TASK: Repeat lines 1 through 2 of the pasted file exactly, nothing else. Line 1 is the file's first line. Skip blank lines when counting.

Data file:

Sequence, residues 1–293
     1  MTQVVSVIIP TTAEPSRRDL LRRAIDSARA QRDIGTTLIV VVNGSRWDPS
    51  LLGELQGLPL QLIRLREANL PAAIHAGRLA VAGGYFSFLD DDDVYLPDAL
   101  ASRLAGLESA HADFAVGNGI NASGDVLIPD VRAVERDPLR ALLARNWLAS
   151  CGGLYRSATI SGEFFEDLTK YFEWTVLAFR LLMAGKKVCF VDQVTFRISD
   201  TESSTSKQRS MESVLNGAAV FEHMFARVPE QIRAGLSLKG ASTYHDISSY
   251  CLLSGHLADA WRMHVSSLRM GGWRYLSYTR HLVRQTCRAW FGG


Sequence, residues 1–293
     1  MTQVVSVIIP TTAEPSRRDL LRRAIDSARA QRDIGTTLIV VVNGSRWDPS